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I have an adult 4 year old and a puppy of 5 months that we've had since she was 2 months old.

We had an incident early on where the puppy went into the adult's food bowl while he was eating. The response scared the hell out of me. The puppy was so scared she dove off our 5-foot high deck, peed herself and yelped for 30 seconds solid afterwards. AFAIK the puppy wasn't actually hurt. Things moved so fast I can't really tell what happened though.

Now feeding time involves my wife and I standing guard at each food bowl and it's not very pleasant to say the last.

My question is if there's a way out of this situation that doesn't involve us standing guard when they eat for the next 15 years. I've read that we should just let the animals work it out. However I'm scared for the puppy as the adult could probably kill her in an instant if he had it in him.

Does it make sense to wait until they are closer to the same size then see what happens?

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    What exactly was the adult's reaction? If you can be specific about how the adult dog reacted, it might help people determine whether it was over the top or not. – Henders Apr 3 '18 at 14:39
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    Snarling and teeth bearing. If it was directed at me I would have had to change my underwear afterwards. Like I said it so fast it was hard to tell what if any contact was actually made. One thing that struck me was that there was a first "attack", then I pulled the adult off, then he went back at her a second time. – Jeffrey Blattman Apr 3 '18 at 16:42
  • @JeffreyBlattman that's because you cut the interaction. Usually this ends with the puppy laid and the older dog dominating it in what we look a very aggressive behavior. You know your dog. Has he any violent behavior in other situations? – David P. Apr 4 '18 at 12:26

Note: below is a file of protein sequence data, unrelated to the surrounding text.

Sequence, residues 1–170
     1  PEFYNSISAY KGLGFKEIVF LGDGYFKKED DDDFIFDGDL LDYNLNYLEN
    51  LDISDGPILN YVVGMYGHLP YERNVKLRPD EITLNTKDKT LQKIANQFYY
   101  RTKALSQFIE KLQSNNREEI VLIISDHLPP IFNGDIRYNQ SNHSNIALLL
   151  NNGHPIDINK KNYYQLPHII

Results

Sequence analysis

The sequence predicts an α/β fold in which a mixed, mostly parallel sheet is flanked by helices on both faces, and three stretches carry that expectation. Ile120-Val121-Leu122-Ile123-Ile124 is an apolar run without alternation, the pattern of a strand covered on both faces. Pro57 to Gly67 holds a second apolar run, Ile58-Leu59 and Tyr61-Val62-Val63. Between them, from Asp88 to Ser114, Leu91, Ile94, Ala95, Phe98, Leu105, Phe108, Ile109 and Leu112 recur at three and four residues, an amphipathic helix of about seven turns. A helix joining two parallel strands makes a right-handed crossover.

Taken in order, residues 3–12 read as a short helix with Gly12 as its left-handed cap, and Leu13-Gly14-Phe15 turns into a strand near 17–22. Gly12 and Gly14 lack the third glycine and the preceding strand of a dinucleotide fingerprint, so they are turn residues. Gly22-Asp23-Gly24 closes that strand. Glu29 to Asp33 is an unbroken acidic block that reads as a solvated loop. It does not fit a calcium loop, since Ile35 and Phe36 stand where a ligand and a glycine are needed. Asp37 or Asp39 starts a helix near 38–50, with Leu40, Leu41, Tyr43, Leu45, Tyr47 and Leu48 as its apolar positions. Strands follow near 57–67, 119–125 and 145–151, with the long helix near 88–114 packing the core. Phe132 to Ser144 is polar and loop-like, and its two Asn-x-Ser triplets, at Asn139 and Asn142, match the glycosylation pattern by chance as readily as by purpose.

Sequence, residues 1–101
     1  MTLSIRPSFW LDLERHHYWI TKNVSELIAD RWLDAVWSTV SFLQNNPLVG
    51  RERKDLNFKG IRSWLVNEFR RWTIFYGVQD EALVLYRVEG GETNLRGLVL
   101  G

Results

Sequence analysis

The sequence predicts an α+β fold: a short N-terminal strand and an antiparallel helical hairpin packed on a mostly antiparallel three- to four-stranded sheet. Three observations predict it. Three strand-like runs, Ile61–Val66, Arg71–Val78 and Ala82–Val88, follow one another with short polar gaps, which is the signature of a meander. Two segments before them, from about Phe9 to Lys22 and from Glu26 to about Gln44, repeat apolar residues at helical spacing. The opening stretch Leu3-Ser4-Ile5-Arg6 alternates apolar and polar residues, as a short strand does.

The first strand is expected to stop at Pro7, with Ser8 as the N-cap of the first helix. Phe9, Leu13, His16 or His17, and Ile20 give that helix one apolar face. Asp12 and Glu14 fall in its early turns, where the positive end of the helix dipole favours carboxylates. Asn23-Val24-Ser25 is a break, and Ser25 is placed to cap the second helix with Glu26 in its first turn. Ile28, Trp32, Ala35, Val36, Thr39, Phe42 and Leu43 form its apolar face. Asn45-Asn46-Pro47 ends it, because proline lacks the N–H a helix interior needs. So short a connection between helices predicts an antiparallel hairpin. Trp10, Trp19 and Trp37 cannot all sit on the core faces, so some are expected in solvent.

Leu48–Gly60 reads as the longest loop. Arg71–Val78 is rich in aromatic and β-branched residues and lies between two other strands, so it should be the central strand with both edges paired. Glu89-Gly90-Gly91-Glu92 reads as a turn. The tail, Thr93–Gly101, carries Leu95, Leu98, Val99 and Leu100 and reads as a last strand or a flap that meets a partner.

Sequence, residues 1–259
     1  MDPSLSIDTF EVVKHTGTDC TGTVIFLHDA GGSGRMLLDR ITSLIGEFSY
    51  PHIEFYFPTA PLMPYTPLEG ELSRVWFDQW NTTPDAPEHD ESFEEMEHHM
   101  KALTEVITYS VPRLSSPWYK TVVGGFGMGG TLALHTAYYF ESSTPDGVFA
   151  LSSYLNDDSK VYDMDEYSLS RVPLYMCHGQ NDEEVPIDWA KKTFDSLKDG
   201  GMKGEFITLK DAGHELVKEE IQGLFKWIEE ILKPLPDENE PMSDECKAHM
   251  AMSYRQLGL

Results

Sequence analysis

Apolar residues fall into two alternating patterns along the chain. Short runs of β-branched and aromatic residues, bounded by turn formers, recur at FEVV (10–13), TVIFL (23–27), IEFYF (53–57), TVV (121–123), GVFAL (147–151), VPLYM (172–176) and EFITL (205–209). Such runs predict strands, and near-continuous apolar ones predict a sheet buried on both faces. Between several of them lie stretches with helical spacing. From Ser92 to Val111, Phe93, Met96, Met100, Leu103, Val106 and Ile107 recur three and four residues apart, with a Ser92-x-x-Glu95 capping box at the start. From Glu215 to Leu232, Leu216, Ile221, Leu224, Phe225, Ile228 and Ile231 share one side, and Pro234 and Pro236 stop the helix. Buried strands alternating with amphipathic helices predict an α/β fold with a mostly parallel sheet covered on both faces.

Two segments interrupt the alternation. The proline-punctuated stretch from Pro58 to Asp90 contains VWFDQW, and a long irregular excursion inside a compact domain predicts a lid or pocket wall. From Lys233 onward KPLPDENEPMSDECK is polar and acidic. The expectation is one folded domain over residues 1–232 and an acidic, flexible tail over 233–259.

• @JeffreyBlattman Perhaps you could edit that into your question? That seems like behaviour an expert could use to help you out. – Henders Apr 6 '18 at 11:03
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If you don't see aggression in other areas, it's ok.

Dogs eat in a hierarchy, and the puppy jumped over that. To set a rigid eating hierarchy you should put the big bowl first and then serve the puppy. Helped by your older dog communication, you'll probably don't have any problem. Space the bowls enough, I have seen problems with too close bowls (I guess the dog logic behind this is "all food is mine" if bowls are too close).

Don't be afraid. Take an eye. If the puppy try again, and you are afraid of the older dog (you shouldn't), spank it yourself. It's the same correction.

Fear is a problem for you, not them. You'll change the way you live, the way you treat them, just because of fear. Take into account that the dogs (as us) have a lot of mechanisms to avoid real violence in conflicts. While that can look brutal to us, it is a very effective tactic that comes from their wild versions. Because in the wild, an open wound can be deadly, ultimately the dogs/wolves who had a more soft interaction with this mechanisms survived and got established as a social behavior. Now it's part of them.

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Not sure this is enough for an answer (this was going to be a simple comment), but here goes...